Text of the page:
05
Oct
10

pear and tomato cheese

When Julie was over with her green tomatoes, we made pear and tomato cheese. Think something between a jam and a fruit leather.

pear and tomato cheese

The recipe is from Oded Schwarz’s Preserving, which is the first preserving book I ever bought and is full of pretty pictures and sometimes crazy notions. J-P and I made pear and tomato cheese for the first time about six years ago in Boston. It was delicious, but we did a lot of things wrong: we used whatever tomatoes came in our CSA, we made a double batch, we cooked it down in a stock pot rather than something with more surface area… It took more than seven hours of simmering to get it to the right consistency. We’ve been shy of it ever since, but finally got up the courage for another go this past Sunday.

Here’s how to do it right. Yields about 2.5 pounds, and that is plenty. Please don’t try a double batch.

  • 2 lbs Roma tomatoes (really important to use a dry variety of tomato)
  • 1.5 lbs pears
  • .5 lbs apples
  • 1 lemon
  • 2 cups water
  • granulated sugar
  • 1 tsp ground coriander
  • 1 tsp ground black pepper
  • 1/2 tsp ground cinnamon
  • 1/4 tsp ground cloves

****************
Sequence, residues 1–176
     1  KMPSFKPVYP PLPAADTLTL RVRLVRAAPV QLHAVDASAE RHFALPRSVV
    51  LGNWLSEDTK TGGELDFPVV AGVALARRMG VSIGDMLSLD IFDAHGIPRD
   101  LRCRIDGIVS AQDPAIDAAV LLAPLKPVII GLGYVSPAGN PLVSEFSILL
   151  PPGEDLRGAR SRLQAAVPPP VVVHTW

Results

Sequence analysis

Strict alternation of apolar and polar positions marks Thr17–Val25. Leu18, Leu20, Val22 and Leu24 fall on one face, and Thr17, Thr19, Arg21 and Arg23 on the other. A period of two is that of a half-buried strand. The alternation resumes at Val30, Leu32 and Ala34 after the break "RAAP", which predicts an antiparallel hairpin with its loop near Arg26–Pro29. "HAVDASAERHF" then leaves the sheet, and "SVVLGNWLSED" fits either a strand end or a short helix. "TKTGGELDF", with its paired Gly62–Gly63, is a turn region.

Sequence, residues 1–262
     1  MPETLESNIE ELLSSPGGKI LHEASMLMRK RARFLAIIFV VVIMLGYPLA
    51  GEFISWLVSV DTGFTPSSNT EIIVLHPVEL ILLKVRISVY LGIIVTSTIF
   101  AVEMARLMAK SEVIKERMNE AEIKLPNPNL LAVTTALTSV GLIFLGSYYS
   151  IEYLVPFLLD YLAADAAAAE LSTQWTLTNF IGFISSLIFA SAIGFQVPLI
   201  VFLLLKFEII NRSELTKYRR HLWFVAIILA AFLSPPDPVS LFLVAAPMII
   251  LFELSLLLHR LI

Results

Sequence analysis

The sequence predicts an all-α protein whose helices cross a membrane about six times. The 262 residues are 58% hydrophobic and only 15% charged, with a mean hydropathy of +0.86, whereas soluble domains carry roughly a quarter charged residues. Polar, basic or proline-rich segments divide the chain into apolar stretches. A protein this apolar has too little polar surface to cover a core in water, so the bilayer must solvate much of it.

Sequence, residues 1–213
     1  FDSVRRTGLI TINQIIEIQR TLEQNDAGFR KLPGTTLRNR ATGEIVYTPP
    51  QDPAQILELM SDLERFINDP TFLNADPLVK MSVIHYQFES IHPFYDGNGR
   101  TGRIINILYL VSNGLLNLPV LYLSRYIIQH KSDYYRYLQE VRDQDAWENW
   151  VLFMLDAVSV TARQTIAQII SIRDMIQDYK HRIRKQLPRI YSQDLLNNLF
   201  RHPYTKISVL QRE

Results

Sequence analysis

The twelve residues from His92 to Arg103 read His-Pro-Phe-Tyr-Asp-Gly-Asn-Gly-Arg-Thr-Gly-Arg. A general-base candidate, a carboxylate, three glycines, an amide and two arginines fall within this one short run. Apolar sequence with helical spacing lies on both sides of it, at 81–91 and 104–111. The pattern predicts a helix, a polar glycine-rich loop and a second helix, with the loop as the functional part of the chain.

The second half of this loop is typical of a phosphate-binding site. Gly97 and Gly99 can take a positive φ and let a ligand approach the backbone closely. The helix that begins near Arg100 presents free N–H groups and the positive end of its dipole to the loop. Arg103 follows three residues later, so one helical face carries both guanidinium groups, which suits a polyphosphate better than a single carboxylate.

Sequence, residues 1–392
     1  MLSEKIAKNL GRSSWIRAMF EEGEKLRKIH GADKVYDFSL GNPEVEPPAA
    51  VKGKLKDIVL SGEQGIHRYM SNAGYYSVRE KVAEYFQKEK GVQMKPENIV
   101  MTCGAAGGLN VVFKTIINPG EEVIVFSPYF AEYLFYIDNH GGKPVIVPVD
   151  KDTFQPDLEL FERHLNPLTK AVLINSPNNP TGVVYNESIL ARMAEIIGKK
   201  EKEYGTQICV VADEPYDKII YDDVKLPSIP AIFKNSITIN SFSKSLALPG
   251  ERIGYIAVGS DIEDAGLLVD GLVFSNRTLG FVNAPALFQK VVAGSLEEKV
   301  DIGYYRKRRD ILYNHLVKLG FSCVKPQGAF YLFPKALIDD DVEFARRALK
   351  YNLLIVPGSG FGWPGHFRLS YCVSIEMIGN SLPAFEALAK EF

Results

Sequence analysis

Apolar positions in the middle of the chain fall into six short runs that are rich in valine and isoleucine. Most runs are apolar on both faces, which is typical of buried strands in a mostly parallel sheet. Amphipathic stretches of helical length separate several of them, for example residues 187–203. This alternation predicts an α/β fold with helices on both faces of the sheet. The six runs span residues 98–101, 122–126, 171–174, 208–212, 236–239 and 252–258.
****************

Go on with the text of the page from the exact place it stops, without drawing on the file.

Coarsely chop tomatoes, pears, apple, and lemon. Put in pot with water and bring to a boil, then simmer about 30 minutes, until the fruit is mushy. Pass the mixture through a food mill or sieve. Measure the resulting puree and add 1.5 cups sugar for every 2 cups of puree. Put this mixture, with the spices, in a roasting pan or something with similar surface area that you can set over two burners. Return to a boil, then simmer forever (about 4 hours), stirring frequently. (We returned it to a stock pot after a couple of hours, out of fear of burning it.) It’s ready to be poured into oiled pans (we used two pie plates) when it plops/heaves rather than bubbles, and you can draw a clear line through it with your spoon. Let sit in the oiled pans for at least 24 hours, then turn out and coat with granulated sugar. Use a cold, clean knife (which you will clean frequently) to cut squares, which you will roll in more granulated sugar and store in tins between layers of waxed paper.

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